1. re: eugenegirl

                                              :) Really? I actually like the round bottom because I find it easier to stir and scoop a pot with rounded corner. Anyway, that is just a personal preference.

                                              1. re: Chemicalkinetics

                                                The flat bottom is better theory is just that - a theory for me, since I'm just starting to cook meat. I assumed more space would be good for the initial sear...?

                                      2. re: eugenegirl

                                        I recently bought a 5 qt Staub to take the place of my frequently half full 9 qt LC. I love it, so much easier to lift, wash, etc. I have made my usual sized batch of chili, braised a roast, etc. It holds 5.5 qts when filled to the brim, but is called 5 qt on the packaging.

                                        1. re: mcf

                                          The 5 qt Staub is also our most used piece. We also have the roughly 9 qt, but that's for really big meals.

                                      3. The Fontignac looked nice when I saw it in BB & B. The only things I didn't like was the interior color and the weight. The walls are much thicker than LC's and it's much heavier than theirs. The interior color is a pale, dirty yellow that I didn't find very appealing. It was dingy looking. Also the enamel on the rim seemed worn in spots where it contacted the pot. There are so many great deals on LC in the outlets, on Ebay, and in discount stores. I would spend my energies trying to find a deal there. This is something you will have for the rest of your life with LC. Find one at a price you can afford, and forget the rest.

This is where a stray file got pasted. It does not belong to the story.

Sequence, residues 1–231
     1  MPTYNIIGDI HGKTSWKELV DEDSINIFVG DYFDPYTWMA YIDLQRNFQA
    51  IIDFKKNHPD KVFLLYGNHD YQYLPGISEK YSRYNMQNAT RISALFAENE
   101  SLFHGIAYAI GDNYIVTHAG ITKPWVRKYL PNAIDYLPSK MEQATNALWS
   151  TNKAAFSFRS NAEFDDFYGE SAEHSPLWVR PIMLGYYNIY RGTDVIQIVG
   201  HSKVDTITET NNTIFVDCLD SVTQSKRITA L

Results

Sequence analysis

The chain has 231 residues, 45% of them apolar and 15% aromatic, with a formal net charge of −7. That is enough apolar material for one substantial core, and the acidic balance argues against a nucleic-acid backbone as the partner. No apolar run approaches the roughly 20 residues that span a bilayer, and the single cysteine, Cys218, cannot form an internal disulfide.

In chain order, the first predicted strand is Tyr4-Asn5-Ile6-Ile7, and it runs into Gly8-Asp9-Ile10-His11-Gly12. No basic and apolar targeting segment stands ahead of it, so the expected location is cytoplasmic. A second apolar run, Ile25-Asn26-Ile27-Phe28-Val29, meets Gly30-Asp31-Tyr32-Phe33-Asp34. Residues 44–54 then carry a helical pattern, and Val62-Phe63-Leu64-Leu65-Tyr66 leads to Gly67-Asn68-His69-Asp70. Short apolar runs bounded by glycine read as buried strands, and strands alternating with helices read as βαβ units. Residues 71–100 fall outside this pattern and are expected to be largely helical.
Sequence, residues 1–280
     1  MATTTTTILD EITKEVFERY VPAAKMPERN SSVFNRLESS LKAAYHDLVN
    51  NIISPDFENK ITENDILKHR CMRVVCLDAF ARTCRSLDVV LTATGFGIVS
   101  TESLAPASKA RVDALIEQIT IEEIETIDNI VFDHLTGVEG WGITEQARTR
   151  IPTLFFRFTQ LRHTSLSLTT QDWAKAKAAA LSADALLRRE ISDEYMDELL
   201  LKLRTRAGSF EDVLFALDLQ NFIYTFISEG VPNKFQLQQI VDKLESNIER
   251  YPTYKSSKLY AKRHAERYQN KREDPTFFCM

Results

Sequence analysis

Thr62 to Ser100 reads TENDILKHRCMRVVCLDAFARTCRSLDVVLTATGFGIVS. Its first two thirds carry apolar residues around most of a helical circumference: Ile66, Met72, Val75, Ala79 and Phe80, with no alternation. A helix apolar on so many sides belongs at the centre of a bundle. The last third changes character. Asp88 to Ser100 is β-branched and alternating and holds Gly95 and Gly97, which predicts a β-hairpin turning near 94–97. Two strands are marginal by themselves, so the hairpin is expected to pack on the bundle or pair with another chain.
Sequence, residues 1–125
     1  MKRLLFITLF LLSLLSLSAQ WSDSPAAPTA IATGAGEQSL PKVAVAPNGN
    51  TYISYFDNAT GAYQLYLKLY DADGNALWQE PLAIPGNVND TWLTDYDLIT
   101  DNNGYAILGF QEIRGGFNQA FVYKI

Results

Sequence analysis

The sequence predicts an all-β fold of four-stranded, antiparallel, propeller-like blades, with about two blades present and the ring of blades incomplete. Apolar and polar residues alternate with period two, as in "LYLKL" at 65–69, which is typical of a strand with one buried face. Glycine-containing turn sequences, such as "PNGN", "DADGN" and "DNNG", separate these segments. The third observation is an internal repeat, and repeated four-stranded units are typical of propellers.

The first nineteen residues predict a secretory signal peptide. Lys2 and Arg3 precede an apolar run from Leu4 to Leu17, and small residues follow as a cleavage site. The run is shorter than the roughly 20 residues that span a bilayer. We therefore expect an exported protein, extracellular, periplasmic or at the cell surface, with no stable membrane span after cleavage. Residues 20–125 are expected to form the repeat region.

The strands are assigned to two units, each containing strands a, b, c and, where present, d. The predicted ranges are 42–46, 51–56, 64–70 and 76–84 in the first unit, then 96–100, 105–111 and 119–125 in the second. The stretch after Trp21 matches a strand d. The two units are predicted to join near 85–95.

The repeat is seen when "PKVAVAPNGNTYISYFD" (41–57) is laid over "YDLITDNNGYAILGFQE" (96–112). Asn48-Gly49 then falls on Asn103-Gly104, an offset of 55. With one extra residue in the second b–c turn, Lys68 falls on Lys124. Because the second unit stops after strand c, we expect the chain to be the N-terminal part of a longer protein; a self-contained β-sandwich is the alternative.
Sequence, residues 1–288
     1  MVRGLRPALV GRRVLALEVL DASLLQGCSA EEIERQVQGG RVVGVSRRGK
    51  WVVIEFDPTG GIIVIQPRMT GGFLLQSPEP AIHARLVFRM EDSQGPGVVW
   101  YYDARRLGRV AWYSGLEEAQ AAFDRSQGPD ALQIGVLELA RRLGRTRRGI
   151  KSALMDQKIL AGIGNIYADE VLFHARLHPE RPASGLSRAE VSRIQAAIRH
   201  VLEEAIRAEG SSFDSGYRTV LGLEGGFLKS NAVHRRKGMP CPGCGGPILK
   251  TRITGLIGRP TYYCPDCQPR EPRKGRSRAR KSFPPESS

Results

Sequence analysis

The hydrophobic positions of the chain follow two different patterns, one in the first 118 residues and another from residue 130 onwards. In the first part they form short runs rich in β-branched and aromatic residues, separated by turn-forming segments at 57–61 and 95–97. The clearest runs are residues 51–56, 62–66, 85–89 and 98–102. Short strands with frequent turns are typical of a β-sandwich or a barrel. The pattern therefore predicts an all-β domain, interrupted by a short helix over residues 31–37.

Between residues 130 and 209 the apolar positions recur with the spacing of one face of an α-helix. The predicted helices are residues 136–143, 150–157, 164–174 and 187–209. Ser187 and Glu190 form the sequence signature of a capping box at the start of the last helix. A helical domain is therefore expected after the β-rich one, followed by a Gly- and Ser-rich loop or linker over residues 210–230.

1. in case anyone is still reading this post, it looks like the (Costco) Kirkland Signature 6.5 qt dutch oven (made in France) is listed as being made by Henckels, who also owns Staub/Fontignac, so likely a quality product. They also have a covered enameled cast iron skillet made by a different company under the Kirkland Signature brand and made in China, so not necessary a like product.

                                          1 Reply
                                          1. re: drand

                                            I "made sure" Santa brought me one of the Costco-Kirkland 6.5 qt pots to round out my enameled cast iron sizes. Love it! Great pot, especially for the price and Costco's satisfaction guarantee. Only wish it came in other sizes and colors.

                                            It does have rounded bottom edges, which is great for stirring with a round wooden spoon, and I find the bottom surface is plenty wide & flat enough for browning meat, often in only 2 batches. It cleans up really well, too, with just a quick soapy soak with hot water and a Dobie nylon covered scrubbing sponge.